In sports, you don't always get a second chance. But that's exactly what Pittsfield's Matt Torra is getting.
Torra was traded from the Arizona Diamondbacks organization to the Tampa Bay Rays organization for cash considerations on Friday.
He went from being a regular starter with the Diamondbacks' Triple-A team in Reno to likely moving into the starting rotation for the Rays' Triple A team in Durham.
One note for Matt about pitching in Durham: If Crash Davis is your catcher, DON'T shake him off. Otherwise, he'll tell the hitter what you're throwing and any ball going that far should have a flight attendant on it. (Watch the movie "Bull Durham" if you don't know what I'm talking about.)
Seriously, this is an opportunity for Torra to have his dream of making a big league club come true.
For every Adrian Gonzalez, Stephen Strasburg (before he was injured) or Derek Jeter, there are countless Andrew Millers, Tim Wakefields and Ryan Vogelsongs out there earning big league paychecks. The latter three all had second chances at a major league career. Vogelsong's return to prominence is the stuff of legend.
He was a fifth-round pick of the San Francisco Giants in 1998 and became one of the Giants' top prospects. He was part of a trade with Pittsburgh in 2001 that sent Jason Schmidt to the Giants. But in five years with the Pirates, Vogelsong basically couldn't get out of his own way.
Five bad seasons and Tommy John surgery on his right elbow, and Vogelsong was out of the bigs by 2006.
He went overseas, pitching for the Hanshin Tigers (2007-08) and Orix Buffaloes (2009) in the Japanese professional league. He spent 2010 with Philadelphia and the L.A. Angels, and re-signed with the Giants this year.
All Vogelsong has done is go 6-1 with a 2.09 earned-run average. He has started 12 games and has moved to, along with Tim Lincecum, the top of the Giants' rotation. That's why, while the Giants still don't hit well, they are competing for the NL West title.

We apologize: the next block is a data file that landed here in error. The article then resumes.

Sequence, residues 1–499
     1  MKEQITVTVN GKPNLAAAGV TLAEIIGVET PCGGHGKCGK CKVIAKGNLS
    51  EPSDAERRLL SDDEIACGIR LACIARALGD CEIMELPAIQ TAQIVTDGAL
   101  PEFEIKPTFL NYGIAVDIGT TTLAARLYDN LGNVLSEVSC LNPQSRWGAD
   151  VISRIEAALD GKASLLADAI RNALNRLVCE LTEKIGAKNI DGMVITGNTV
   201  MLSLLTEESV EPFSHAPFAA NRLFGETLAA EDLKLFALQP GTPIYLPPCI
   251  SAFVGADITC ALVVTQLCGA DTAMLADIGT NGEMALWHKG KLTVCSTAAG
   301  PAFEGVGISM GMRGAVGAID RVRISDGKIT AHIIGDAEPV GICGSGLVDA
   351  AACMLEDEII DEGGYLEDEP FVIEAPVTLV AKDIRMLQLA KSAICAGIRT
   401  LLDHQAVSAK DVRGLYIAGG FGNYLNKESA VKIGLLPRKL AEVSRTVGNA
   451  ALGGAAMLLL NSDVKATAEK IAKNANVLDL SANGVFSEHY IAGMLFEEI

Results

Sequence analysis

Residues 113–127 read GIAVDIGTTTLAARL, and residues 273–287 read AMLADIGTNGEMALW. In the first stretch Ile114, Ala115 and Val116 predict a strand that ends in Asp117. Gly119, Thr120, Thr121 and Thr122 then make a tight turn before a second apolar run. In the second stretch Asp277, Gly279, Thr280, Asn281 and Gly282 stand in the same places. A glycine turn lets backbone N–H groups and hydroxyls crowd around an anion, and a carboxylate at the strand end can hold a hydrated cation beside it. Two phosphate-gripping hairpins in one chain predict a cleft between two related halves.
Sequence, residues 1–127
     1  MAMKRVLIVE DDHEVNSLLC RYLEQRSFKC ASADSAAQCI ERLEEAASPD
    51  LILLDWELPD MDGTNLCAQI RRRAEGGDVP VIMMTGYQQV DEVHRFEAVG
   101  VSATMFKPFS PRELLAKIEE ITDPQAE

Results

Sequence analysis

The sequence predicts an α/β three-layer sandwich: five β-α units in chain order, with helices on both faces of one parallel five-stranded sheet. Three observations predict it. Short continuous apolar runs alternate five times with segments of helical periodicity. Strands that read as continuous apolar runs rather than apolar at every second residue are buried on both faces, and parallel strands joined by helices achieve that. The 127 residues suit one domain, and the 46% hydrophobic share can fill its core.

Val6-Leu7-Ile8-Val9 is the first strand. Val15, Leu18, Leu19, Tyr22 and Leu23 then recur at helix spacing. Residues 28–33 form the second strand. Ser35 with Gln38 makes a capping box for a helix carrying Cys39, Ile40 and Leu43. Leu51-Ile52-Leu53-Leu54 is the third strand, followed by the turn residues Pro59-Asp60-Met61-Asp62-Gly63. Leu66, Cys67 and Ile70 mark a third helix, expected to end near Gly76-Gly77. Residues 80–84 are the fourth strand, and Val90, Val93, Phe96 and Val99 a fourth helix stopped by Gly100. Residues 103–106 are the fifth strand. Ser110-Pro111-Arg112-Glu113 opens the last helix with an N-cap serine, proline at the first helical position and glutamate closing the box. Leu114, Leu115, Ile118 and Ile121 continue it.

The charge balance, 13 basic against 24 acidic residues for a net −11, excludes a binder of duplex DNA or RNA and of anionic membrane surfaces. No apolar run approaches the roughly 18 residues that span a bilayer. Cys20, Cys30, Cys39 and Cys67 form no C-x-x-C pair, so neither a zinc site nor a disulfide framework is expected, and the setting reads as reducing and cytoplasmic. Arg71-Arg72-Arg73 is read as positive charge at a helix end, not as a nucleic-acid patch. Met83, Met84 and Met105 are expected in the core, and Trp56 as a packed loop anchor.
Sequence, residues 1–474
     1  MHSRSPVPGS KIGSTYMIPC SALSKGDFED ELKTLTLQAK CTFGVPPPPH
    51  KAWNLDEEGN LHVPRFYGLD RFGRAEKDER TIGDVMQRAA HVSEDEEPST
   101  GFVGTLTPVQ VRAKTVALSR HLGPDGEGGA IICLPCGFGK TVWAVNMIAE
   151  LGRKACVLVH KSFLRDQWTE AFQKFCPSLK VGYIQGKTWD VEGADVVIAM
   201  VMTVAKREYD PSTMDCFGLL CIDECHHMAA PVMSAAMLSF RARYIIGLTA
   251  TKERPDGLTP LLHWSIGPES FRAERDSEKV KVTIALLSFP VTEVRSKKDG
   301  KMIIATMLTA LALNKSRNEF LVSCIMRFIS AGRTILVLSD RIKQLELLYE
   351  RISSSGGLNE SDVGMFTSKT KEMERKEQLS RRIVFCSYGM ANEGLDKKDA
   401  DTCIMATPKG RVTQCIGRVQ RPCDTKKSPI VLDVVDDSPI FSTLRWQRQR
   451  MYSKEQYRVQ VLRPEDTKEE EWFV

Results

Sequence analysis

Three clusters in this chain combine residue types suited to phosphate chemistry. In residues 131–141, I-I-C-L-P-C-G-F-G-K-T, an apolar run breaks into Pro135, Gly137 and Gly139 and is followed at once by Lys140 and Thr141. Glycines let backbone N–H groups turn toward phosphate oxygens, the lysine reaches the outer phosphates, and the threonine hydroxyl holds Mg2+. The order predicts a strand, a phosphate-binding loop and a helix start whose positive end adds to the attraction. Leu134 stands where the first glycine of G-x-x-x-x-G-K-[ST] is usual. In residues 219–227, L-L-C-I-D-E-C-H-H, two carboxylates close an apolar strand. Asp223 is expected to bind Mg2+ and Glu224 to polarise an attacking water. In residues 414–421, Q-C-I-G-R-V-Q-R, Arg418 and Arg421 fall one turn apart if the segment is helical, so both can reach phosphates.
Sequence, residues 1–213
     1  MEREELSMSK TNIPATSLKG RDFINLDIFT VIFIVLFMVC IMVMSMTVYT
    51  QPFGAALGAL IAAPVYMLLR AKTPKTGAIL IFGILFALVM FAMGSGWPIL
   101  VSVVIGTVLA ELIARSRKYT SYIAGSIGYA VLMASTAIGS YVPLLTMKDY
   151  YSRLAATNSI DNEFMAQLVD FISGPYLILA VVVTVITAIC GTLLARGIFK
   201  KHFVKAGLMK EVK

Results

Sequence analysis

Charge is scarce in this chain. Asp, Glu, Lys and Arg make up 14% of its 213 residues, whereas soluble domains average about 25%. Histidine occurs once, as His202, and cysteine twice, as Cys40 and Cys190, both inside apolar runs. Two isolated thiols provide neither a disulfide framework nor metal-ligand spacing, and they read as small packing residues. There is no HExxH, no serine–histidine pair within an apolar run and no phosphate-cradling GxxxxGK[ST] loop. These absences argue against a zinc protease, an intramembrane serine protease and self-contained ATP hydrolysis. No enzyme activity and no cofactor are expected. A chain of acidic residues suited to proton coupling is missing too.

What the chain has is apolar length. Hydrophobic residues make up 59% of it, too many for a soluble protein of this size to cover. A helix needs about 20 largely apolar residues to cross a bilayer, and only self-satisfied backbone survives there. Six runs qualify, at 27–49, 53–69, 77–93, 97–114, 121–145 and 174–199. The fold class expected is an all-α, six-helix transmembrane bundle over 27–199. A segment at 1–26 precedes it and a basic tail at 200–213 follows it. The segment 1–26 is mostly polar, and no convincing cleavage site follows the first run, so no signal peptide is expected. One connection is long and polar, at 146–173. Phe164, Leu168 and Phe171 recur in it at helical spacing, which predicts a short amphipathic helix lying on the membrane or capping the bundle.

If you are a Red Sox fan, you don't need to be given the whole story about Wakefield. Suffice it to say that the one-time first baseman got a second chance to become a pitcher, and then the Sox gave him another chance after his knuckleball deserted him while with the Pirates.
Which brings us back to Torra.
"Hopefully, I can go and pitch good enough to impress somebody," he said, "and make something happen."
Making something happen is something Torra had been trying to accomplish since being drafted by Arizona as a first-round sandwich pick in 2005. The setback for the torn labrum and the surgery didn't help.
"It always is" frustrating when other pitchers got called up in 2011, Torra said. "I didn't help my cause as much as I would have liked to this year. All we can do is keep working on getting better and getting to where we want to be."
Maybe, if Torra pitches well for the Bulls, Tampa Bay general manager Andrew Friedman and Gerry Hunsicker might just pull the trigger and put the former PHS and UMass standout on Tampa Bay's 40-man roster.
For all Torra has endured, it would be a much-deserved second chance.
To reach Howard Herman: